Suppose I have the following process

$$y_{t+1} = y_t \exp (\varepsilon_{t+1})$$

where $\varepsilon_{t+1}\sim _{iid} N(\frac{\sigma v^2 }{2},v^2 )$, $v> 0$. I would like to calculate $E[y_{t+1}|y_t]$

For this, I apply conditional expectation in the equation above. So

$$E[y_{t+1} | y_t ] =E [y_t \exp (\varepsilon_{t+1})| y_t] = y_t E [ \exp (\varepsilon_{t+1})| y_t].$$

Now I’m unsure of saying that $\exp (\varepsilon_{t+1})$ and $y_t$ are independent. I suspect this to be true, since $y_t = y_{t-1} \varepsilon_{t} $ and $\{\varepsilon_t\}_{t=0}^{\infty}$ is a iid process. If the independence of $\exp (\varepsilon_{t+1})$ and $y_t$ is true, I can conclude that

$$E[y_{t+1} | y_t ] = y_t E [ \exp (\varepsilon_{t+1})| y_t] = y_t E [ \exp (\varepsilon_{t+1})] = y_t \exp( \frac{\sigma v^2 }{2} + \frac{v^2}{2}).$$

Is my argument correct?

  • 1
    $\begingroup$ For the conditional expectation with $y_t$ given, there is no need to consider whether $\exp(\epsilon_{t+1}), y_t$ are independent or not. $\endgroup$
    – Dayne
    Oct 19, 2020 at 4:31
  • 1
    $\begingroup$ I think either i misread your expression or it was changed (earlier it was $y_{t+1}$ I think). Never mind, yes this statement is true. You can use law of total expectations. $$E(\exp(\epsilon_{t+1}))=E(E(\exp(\epsilon_{t+1})|y_t))$$ $\endgroup$
    – Dayne
    Oct 19, 2020 at 5:01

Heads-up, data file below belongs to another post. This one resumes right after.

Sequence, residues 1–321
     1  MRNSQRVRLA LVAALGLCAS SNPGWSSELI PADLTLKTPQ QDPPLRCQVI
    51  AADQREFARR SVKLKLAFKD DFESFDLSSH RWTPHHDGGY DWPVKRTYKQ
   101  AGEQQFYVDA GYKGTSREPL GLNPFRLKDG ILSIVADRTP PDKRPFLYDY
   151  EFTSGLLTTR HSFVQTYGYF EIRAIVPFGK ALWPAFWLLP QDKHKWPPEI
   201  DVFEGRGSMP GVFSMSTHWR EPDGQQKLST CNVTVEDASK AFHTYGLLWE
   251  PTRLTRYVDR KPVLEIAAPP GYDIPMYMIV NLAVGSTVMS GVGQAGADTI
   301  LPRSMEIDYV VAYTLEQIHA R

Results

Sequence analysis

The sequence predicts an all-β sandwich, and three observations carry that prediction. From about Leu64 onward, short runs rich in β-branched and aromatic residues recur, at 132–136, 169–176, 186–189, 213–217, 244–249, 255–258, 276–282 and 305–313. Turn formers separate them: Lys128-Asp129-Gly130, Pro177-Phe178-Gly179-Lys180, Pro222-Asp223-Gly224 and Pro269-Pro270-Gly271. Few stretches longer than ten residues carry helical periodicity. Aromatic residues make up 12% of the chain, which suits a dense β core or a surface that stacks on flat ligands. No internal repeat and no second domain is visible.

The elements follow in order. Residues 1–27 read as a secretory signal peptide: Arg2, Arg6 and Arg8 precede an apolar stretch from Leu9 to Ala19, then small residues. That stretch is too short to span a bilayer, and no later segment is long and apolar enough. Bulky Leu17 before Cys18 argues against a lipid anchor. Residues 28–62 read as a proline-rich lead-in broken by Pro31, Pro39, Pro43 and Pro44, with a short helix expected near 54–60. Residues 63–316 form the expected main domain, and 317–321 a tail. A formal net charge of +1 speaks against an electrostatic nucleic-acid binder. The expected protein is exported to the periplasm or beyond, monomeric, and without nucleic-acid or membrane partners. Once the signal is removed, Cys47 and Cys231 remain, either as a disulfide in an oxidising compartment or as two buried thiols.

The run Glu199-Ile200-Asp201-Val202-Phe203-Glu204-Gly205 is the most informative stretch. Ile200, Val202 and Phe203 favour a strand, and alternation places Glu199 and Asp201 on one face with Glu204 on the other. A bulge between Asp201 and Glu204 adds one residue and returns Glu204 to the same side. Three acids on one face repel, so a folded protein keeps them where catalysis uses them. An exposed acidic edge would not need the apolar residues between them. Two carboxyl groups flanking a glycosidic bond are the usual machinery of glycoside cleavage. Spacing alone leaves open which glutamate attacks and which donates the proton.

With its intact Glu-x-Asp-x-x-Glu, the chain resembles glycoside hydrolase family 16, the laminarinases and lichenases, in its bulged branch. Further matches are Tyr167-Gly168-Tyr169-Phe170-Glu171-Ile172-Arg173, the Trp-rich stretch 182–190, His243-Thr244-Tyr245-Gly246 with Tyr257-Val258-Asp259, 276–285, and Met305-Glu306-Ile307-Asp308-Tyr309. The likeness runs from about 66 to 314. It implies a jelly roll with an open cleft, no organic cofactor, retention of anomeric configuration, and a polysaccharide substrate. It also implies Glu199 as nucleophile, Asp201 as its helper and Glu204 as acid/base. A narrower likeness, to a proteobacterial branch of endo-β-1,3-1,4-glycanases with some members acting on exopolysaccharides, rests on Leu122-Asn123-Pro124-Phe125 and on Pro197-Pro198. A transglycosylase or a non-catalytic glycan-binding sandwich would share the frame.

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    $\begingroup$ Sorry, but I don't think I can use the law of total expectation to conclude that $E[\exp(\varepsilon_{t+1})| y_t] =E[\exp(\varepsilon_{t+1})] $. $\endgroup$
    – Fam
    Oct 19, 2020 at 5:22
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    $\begingroup$ $E(\exp(\epsilon_{t+1})|y_t) = \exp \bigg( \frac{\sigma v^2 }{2} + \frac{v^2}{2} \bigg)$, which is a constant. Therefore, $$E(E(\exp(\epsilon_{t+1})|y_t))=E\bigg(\exp \bigg( \frac{\sigma v^2 }{2} + \frac{v^2}{2}\bigg)\bigg)= \exp \bigg( \frac{\sigma v^2 }{2} + \frac{v^2}{2} \bigg)$$. $\endgroup$
    – Dayne
    Oct 19, 2020 at 6:40
  • 2
    $\begingroup$ This is indeed assuming that $y_t$ and $\epsilon_{t+1}$ are independent. Otherwise, there is not enough information in the input. $\endgroup$
    – Xi'an
    Oct 19, 2020 at 6:43

1 Answer 1


Your assumption of $y_t \perp \!\!\! \perp \exp(\varepsilon_{t+1})$ is correct by definition of $\varepsilon_t$, i.e:

$X \perp \!\!\! \perp Y \Leftrightarrow X \perp \!\!\! \perp f(Y) \ \forall \ f(\cdot) \tag{1}$

where $\perp \!\!\! \perp$ is the independence symbol. In words: if $X$ is independent of $Y$, then $X$ is also independent of any deterministic function of $Y$.

Here: $\varepsilon_t \sim iid(\mu,\sigma^2)$, i.e. non-zero mean iid noise. Then $\varepsilon_t$ is per definition an innovation at time $t$, i.e. independent of all variables at $t$, i.e. $y_t, \textbf{X}_t \perp \!\!\! \perp \varepsilon_t$ and therefore also any deterministic function of it is also independent of all variables at $t$, i.e. $y_t, \textbf{X}_t \perp \!\!\! \perp f(\varepsilon_t)$ where $f(x) =exp(x)$.

For solving $E[y_{t+1}|y_t]$ given $y_{t+1}=y_t \exp(\varepsilon_{t+1})$:

Option 1:

Take $E[y_{t+1}|y_t]$ directly, as you did. The rest is correct.

Option 2:

In cases with exponential functions, it might be more attractive to work with the $\log$ of the variables, due to additive properties: Take $\log(y_{t+1})$ to get $\log(y_{t+1})=\log(y_t) + \varepsilon_{t+1}.$ Then take $$ E[\log(y_t)+\varepsilon_{t+1}|y_t]=\log(y_t)+E[\varepsilon_t]=\log(y_t)+\mu$$ Here, independence may be more obvious. However, I can't think of a direct way to get from this to your variable of interest $E[y_{t+1}|y_t]$. Note that $E[\log(y_{t+1})|y_t] \ne \log(E[y_{t+1}|y_t])$, therefore one can't simply take $\exp()$ of $\log(y_t)+\mu$.


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